The working conditions of Tesla employees, and their organizing efforts, were brought to the public’s attention last February when Jose Moran, a production worker at Tesla’s plant in Fremont, published a Medium post criticizing the company’s hourly wages and high number of preventable work injuries. “Tesla isn’t a startup anymore. It’s here to stay,” wrote Moran. “Workers are ready to help make the company more successful and a better place to work. Just as CEO Elon Musk is a respected champion for green energy and innovation, I hope he can also become a champion for his employees.” In his piece, Moran mentions that Tesla workers had reached out to the United Auto Workers (UAW) for assistance with their unionizing efforts.

Workers at the Tesla factory say they were reprimanded by management for printing copies of Moran’s post and attempting to pass them out, along with information about the UAW. Three workers cited this action in the charges that became part of the August complaint from the NLRB. Workers also claim they were harassed for wearing UAW shirts. The updated complaint claims that two workers were investigated and interrogated by Tesla after they posted company information in a private Facebook group called “Fremont Tesla Employees for UAW Representation.” Last October, one of the employees was fired and the other was given a disciplinary warning. Tesla said it fired the employee after he admitted to lying about the incident during their internal investigation.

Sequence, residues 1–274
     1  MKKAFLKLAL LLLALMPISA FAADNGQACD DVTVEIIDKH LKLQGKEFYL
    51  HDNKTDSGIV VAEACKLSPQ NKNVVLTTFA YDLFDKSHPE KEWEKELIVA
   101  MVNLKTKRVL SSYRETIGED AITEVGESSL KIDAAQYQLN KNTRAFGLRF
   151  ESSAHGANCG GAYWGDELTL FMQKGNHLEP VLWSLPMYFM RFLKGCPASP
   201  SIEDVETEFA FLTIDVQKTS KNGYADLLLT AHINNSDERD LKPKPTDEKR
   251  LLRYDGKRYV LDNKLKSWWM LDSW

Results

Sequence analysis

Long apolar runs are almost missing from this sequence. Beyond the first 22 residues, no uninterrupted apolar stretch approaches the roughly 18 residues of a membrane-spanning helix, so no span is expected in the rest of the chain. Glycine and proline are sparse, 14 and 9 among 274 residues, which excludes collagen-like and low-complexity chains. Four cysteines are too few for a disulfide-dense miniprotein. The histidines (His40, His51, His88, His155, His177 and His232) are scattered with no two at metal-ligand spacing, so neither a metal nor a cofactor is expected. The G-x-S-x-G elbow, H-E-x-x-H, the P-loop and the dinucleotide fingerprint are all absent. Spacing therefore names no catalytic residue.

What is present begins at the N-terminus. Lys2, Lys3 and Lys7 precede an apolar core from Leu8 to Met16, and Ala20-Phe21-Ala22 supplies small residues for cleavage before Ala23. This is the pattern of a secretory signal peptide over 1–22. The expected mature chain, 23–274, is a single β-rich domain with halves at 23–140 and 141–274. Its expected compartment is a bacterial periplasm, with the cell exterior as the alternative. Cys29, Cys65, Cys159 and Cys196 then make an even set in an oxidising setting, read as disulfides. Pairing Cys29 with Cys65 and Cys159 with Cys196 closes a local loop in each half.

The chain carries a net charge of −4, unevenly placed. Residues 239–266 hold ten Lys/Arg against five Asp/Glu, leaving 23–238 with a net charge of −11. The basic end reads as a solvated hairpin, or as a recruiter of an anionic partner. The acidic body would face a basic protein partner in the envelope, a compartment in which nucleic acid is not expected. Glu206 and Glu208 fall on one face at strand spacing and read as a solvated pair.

That same month, Tesla fired 700 of its employees without notice or warning, about 2 percent of its entire workforce. The UAW promptly filed a federal complaint against the company, claiming that some of the employees were fired because they were part of the unionization efforts. On a quarterly earnings call last November, Elon Musk defended the firings and called criticisms of them “ridiculous.” He pointed to Tesla’s supposedly high standards for performance. “You have two boxers of equal ability, and one’s much smaller, the big guy’s going to crush the little guy, obviously,” said Musk. “So the little guy better have a heck of a lot more skill or he’s going to get clobbered. So that is why our standards are high. They’re not high because we believe in being mean to people. They’re high because if they’re not high, we will die.”

Last November, the UAW filed another complaint against Tesla. This one concerned its Gigafactory battery plant in Nevada. The filing, which was obtained by Jalopnik via an FOIA request, charges Tesla with intimidating, surveillance, and interrogating employees who participated in union organizing. The NLRB consolidated these charges into the ongoing complaint.

Earlier this month, Tesla released the following statement regarding the amended NLRB complaint: “These allegations from the UAW are nothing new. The only thing that’s changed since the UAW filed these charges is that many of the allegations have been outright dismissed or are not being pursued by the NLRB. There’s no merit to any of them.”

Legally, Tesla has to respond to the newest round of complaints by April 13. The case will go before an administrative judge on June 11.